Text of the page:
Despairing, you leave the poem, your garden, at home and take your holiday, camping somewhere deep in the wilderness to get reacquainted with what in perfect hands the garden, your poem, might have been.
Irving Layton would put on his hunting outfit and go for long walks in the countryside around his abode, hunting poems. Then, when the poems found him, he would rush back to write them down 



In the darkest hour before dawn, the bright moon, a soccer ball of glaring light, is caught in the black tangle of the locust tree. As the sky morphs into blues, the ball sifts slowly downward, deeper into the trap the branches have sprung, all the while fading with the night’s darkness, until it is merely a thin transparent skin, helplessly dying in the growing light. A morning breeze stirs the branches awake. A plumped up squirrel skips out from behind a high crux, flashes its tail and creeps upside down toward the earth. Waves of new pink rimmed clouds are drifting in. By the minute, the window’s palette changes with the breaking day. The slothful moon informs the painting like a memory.

Saturday, August 13, 2011


Amina Bhimla

AMINA BHIMLA is a Canadian poet, jewelry designer and artist.  Born in Quebec and living in Ontario, she has been writing poetry since the early 1990’s.  She also writes true stories about events in her life.

In writing poetry, her world changed. She enjoyed it so much that for many years it was all she concentrated on in life. She has never looked back.

She has self-published several poetry books: Blinding Colors, Every Word,  Amongst The Branches, as well as an eczema health book: The Journey Deep Within, and a photobook: Path To The Soul.

 She is currently working on, The Road Leading to You,  Jasmine's Secret Diaries (Story/ Poetry), Jenny and Penny (Children's), and Pieces Scattered (Poetry).

Her work is available at and at

Friday, August 12, 2011


Last Poem for Irving Layton

They are not long, the days of wine and roses
Out of a misty dream
Our path emerges for awhile, then closes
Within a dream
Ernest Dowson 1867-1900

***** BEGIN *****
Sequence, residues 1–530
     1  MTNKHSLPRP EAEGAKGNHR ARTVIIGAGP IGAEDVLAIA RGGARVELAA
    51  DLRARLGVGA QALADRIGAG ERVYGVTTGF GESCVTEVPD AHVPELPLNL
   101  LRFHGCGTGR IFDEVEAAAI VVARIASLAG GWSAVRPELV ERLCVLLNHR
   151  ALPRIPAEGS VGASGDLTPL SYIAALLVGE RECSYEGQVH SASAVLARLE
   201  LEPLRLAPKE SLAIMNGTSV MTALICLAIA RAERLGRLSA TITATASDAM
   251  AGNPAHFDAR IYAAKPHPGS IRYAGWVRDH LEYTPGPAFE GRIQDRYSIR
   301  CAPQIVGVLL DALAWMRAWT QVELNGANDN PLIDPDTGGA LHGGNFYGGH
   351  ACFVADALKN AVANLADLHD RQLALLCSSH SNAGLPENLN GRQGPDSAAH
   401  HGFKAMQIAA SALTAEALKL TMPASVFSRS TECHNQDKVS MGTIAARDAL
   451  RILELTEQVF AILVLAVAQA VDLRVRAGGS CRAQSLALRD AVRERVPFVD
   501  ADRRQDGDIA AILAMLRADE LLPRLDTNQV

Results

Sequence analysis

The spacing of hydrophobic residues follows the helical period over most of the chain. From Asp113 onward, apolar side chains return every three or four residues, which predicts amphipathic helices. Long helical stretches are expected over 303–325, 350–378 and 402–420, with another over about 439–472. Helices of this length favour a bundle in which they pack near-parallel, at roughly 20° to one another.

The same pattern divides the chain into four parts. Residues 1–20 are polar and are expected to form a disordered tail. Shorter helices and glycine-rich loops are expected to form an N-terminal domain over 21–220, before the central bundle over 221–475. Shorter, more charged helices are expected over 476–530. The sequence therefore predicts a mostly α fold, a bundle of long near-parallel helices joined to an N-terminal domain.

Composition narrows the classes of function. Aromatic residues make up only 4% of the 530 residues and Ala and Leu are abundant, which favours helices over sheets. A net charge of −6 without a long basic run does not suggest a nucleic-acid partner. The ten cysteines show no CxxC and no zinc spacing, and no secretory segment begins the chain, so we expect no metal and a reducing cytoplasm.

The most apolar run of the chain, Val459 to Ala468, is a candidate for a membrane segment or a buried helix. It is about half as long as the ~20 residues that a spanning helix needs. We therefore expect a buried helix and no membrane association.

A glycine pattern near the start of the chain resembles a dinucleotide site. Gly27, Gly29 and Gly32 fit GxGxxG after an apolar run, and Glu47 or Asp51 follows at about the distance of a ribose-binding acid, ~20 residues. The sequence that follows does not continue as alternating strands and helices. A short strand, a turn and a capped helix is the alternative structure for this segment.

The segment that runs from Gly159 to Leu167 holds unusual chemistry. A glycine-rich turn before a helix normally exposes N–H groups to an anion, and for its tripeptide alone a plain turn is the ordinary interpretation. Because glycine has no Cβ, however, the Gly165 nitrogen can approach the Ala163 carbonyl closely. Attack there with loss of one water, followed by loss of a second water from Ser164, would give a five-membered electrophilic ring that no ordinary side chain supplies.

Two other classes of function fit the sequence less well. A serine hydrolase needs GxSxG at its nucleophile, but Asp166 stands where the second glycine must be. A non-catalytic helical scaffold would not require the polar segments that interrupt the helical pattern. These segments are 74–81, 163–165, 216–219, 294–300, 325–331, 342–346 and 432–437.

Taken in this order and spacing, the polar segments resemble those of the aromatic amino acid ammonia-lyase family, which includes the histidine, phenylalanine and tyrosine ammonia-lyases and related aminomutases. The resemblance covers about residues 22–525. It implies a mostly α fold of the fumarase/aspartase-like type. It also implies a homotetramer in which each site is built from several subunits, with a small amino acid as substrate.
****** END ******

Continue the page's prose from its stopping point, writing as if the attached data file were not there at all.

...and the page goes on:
A quiet woman, never far from tears
I contemplate the irony of life
how it often ends
not as we wish
but in implacable disintegration
They are not long, the days of wine and roses

You wanted pitchforks blazing as you left
striding with manly rage into the void
Instead, your memory failed; your daily smoke
was all that you had left of fire that burned
with such intensity
Out of a misty dream

I conjure you, and I sincerely wish
your slow departure into the unknown
your entry through that door marked Nevermore
could have been the one that you desired
Our path emerges for awhile, then closes
Within a dream

Norma West Linder


For James, with Love
I thought myself content
to live alone
until you came along
my stalwart knight
to slay, with your keen sword
of winning words
the dragon of loneliness 
I thought with my dog, Rocky
by my side
(my little white Shih Tzu)
I’d face the future unafraid
need nothing more
than my circle
of fellow writers and friends 
I felt the silent company
of books
would see me through
I’d lose myself in tomes
of others’ lives
I didn’t know the joy
of days and nights with you 
Poet of mine, your words
your eyes of azure blue
your smile, your wisdom
and a heart that’s true
have re-arranged my world
and made it shine
yes, made it shine like new 
      Norma West Linder


slide show

click click:       my brothers play road hockey

click click:       the sour cherries in blossom

click click:       my sister as a baby

click click:       my mother slim & pre-gray

click click:       my dead brother aims a snowball at the photographer
the rest of us smile cautiously

click click:       we lean against the dark tree trunks
some have maple syrup buckets attached

click click:       my dead father, proud of his belly & thick sideburns
let someone use his camera

click click:       my grandmother, visiting from England
her arm tight around her daughter’s waist

click click:       we are lined up, squinting at the sun
in front of the tent at long point

click click:       my children laugh at us

click click:       notice resemblances

click click:       joke about genetics

click click:       deny the inevitable
click click:       my mother cries quietly

click click:       looks away from the screen

click click:       & i am distracted

click click:       by the memories

click click:       of what happened

click click:       before & after

click click:       each pose

click click:       was struck

click click:       bright light

click click:       blank screen


Frances Ward (f.ward), (visual artist, poet, editor, publisher) was born in Manchester, U.K. of English/Italian descent, and emigrated to Canada as a child.  She has spent most of her adult years in Hamilton and surrounding area.  Ward is a multi-media artist who creates 2 & 3 dimensional works through the use of found materials and images; welding, collage, assemblage, printing, painting and photography Her visual art is included in private and corporate collections. She is the author of three solo collections of poetry; Side Effects, Life & Ledger and The Writer Seems Unaware…. publisher/editor of Hammered Out (a literary journal) and publisher/editor of Road Work Ahead (an anthology of images and poetry by Hamilton Poets).